The Point Is to Change It: Poetry and Criticism in the Continuing Present

By Jerome McGann | Go to book overview
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5
Art and Error
With Special Thanks to the Poetry of Robert Duncan

“Sadie, you can’t sing.”
“You wish!”

—Georgia

Error, evil, failure: each word names a problem that emerged with the aesthetics of Romanticism and flowered in the twentieth century. A common route into this complex matter has been through the work of a writer like Ezra Pound, where a set of interlocking moral concerns centers in his fascism. Important as that approach must be, I set it aside here. It is an approach that has in any case lost much of its clarifying potential because it can leave us too confident about the ethical issues. Instead of Pound, let us begin with one of his inheritors, Robert Duncan, whose cultural credentials present hardly any difficulties at all.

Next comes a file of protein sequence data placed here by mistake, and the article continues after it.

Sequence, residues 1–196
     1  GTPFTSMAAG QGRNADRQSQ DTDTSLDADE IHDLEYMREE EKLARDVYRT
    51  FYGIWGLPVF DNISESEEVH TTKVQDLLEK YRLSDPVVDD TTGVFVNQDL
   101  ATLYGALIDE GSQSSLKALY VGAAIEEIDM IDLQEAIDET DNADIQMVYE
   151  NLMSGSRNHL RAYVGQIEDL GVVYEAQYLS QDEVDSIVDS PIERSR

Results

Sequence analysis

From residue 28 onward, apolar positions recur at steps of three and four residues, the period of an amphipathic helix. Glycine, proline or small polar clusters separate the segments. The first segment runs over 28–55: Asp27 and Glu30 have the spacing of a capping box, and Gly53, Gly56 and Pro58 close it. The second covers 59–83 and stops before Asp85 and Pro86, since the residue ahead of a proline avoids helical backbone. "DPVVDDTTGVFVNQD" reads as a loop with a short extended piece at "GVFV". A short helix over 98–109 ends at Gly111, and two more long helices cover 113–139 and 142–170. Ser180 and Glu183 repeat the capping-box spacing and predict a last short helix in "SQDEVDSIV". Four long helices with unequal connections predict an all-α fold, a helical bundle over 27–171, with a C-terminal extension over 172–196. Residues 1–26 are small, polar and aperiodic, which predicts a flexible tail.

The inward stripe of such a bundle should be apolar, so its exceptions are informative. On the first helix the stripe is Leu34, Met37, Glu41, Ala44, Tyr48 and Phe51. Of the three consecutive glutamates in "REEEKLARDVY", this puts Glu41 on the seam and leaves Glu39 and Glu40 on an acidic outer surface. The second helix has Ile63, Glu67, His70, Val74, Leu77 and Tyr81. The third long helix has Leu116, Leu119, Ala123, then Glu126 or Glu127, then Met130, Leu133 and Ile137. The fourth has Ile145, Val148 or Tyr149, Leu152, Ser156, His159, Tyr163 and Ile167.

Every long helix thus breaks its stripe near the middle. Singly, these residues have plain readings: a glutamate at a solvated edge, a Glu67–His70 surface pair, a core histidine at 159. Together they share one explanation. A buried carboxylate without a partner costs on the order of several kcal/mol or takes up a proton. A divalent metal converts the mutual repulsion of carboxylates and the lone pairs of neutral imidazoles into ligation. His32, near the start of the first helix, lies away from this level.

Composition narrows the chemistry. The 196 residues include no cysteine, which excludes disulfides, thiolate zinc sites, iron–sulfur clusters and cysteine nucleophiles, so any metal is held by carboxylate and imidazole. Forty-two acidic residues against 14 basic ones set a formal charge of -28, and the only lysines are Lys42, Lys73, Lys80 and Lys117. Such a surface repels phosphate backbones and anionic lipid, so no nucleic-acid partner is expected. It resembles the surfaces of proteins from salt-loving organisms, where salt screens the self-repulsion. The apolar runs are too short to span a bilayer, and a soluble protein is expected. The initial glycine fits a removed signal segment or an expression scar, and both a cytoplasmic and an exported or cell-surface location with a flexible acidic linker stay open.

Duncan is peculiarly apt for this discussion because he had a theory, perhaps even a myth, that covered the problem in at least one of its important aspects. The fullest statement of his views comes in his “Essay in Essential Autobiography,” The Truth and Life of Myth.1 In the second section Duncan sets out to demonstrate how “a poetry of history itself was created.” This poetry climaxes, for Duncan, in his treatment of the lives of certain “men who lived in the Christian myth”—specifically, St. Francis, St. John of the Cross, and St. Ignatius Loyola, “the Saints who were also Poets,” as Duncan says (64). The lives and works of these men expose a prevenient underlying meaning, or “myth,” that pervades all of reality. “Self-made men and self-made poems take pride in their rise,” Duncan observes (60), but those prideful selvings are caught up in a more “momentous design in which men in their acts participate.” So the example of these poet-saints is a key “passage”— to appropriate a useful term from Duncan’s repertory—to the general conclusion Duncan is aiming for at the end of the essay’s second section: the idea that “the grace of the poem, the voice, comes from a will that strives to waken us from our own personal will,” the idea that the poet “strives to waken to the will of the poem, even as the poem

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